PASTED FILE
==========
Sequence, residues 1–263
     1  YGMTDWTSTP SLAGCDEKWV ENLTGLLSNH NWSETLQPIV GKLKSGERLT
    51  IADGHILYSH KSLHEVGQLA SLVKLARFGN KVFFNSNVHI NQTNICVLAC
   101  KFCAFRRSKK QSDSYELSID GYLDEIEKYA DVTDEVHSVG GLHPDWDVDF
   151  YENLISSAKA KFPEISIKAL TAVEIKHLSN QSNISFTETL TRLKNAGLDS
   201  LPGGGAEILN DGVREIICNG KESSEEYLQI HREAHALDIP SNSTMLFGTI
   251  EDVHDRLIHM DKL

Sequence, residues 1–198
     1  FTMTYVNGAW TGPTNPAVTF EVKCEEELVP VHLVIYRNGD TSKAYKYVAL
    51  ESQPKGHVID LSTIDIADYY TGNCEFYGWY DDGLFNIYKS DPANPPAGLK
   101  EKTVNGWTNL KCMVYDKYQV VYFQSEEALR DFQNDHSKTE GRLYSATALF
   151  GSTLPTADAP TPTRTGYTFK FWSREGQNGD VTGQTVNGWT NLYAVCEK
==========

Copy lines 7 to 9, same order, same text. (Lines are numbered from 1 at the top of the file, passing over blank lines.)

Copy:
   251  EDVHDRLIHM DKL

Sequence, residues 1–198
     1  FTMTYVNGAW TGPTNPAVTF EVKCEEELVP VHLVIYRNGD TSKAYKYVAL